Edmundo Acaylar, the city tourism officer, added that the murders have made this coastal city of 1.1 million a safer vacation destination. "I call it the process of expurgation. Whoever is doing it, I say very good and thank you," he said. The dead are nearly all from the slums of Davao, a city where about a third of the families live below the official subsistence level. The young victims are often drawn from the growing ranks of street children, almost always dropouts who have left school to help their parents scrape out a living or to join gangs.

"This is a systematic, dramatic effort to eliminate the undesirables in society," said Bernie Mondragon, coordinator of the Kabataan Consortium of children's advocacy groups. The killers frequently work in pairs, one acting as the assassin and the other as lookout, according to human rights groups and children's advocates. They sometimes dress in black, with caps partly hiding their faces, and often ride a motorcycle without a license plate.

"Now it seems that every crime deserves the death penalty. Even petty crimes are punishable by death, based on the justice system of these vigilantes," said Carlos T. Zarate, head of the Davao chapter of the Philippine bar association, which has condemned the killings. "We believe the Davao death squad is financed and protected by forces that are coming from the state itself, either the local government or the local police," said Ariel Casilao, a leader of the Coalition Against Summary Executions. He added, "Whenever the mayor declares war on criminality, bodies are found on the street."

Clarita Alia, 48, a mother of seven whose skin has grown dark and tough from pushing a vegetable cart seven days a week in the city's main market, recalled that the police had come looking for her son Richard, 18, one night in July 2001. They accused him of robbery and assault but had no arrest warrant. "You can't take my son," she told them. The officers elbowed her aside, threatening her with arrest. But they did not take Richard. Clarita urged her son to leave town.

Two weeks later, as Richard was returning to the neighborhood, he stopped for a beer. When he stepped outside the cafe to urinate, two burly men jumped him, Clarita said, citing witness accounts. They punched him in the face and then stabbed him to death. Christopher Alia, 16, died three months later. He had recently found work as a barker on a minibus after spending time in jail for sniffing glue. Like Richard, he was stabbed with a butcher's knife.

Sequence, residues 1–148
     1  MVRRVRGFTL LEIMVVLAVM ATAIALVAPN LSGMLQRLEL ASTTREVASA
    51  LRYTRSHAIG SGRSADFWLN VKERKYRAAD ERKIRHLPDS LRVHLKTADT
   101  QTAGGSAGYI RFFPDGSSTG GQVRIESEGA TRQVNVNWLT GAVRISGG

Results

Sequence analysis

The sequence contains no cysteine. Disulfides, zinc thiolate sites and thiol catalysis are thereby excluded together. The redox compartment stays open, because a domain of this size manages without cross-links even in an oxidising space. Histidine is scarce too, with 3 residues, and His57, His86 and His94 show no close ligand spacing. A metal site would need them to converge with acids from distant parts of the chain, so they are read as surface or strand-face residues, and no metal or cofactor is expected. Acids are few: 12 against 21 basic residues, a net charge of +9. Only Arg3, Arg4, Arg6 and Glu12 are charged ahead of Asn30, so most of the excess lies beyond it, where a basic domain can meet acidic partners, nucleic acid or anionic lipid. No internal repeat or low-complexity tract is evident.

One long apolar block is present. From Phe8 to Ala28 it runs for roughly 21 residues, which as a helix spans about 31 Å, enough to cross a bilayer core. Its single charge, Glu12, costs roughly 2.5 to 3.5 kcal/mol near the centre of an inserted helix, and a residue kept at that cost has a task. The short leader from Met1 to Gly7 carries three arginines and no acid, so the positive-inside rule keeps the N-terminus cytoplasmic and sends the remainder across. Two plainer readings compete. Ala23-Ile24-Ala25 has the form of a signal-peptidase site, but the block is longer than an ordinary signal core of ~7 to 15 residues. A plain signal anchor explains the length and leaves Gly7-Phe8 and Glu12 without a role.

Then there was Bobby. He had been jailed twice last year, once for carrying a knife and once on suspicion of stealing a cell phone. A brief police report confirms the basic details of the three murders. Chief Inspector Matthew Perlas Baccay, commander of the San Pedro precinct, said in an interview that the police investigation had stalled because of a lack of evidence, adding that the deaths likely resulted from a dispute between youth gangs. But social workers familiar with the Alia cases rejected this explanation.

Clarita is terrified that the violence is not over. Last month, she said, a stranger in a karaoke bar warned her that another son, Arnold, 25, would be next, ominously running an index finger across his throat as he said the name. Arnold has gone into hiding. The grandson constantly in Clarita's arms is Arnold's child. A day after Clarita stoically recounted the saga of her sons in an interview, she took the baby on her weekly visit to the hilltop San Pedro cemetery. She made her way past the larger compounds of wrought iron and marble at the front, to the farthest reaches on the back slope. There, where the grave sites are packed so tight that it's almost impossible to navigate between them, she stepped nimbly from tomb to concrete tomb, grandchild in her arms, until she reached the resting place of her sons.

Their three tombs were stacked one atop another under a makeshift corrugated metal roof. Clarita lit three long, yellow candles and placed them on the unfinished tomb. Then, finally, she wept. "If my sons were guilty, they should have been charged in court. And if they were jailed, I would have accepted it because that would have been according to the law," she said, tears streaking her skin. She tapped the tomb with her fingers, softly. "I don't want my fourth child to die."

April 26, 2006, Arab News, Dismembered Bodies Leave Jeddah Atwitter, by Rasheed Abou-Alsamh, Arab News,

JEDDAH, 21 April 2006 — THE BODY was found around 500 meters from my apartment building in Jeddah two days before I returned from my three-month fellowship abroad. It was that of a 30-something Indian male, and it had been thrown into an abandoned water tank. Bloated beyond recognition, the police had located it after arresting the mastermind behind the crime and two of his accomplices. A third male accomplice was just arrested this past week dressed as a woman and hiding in the bathroom of a pizza restaurant.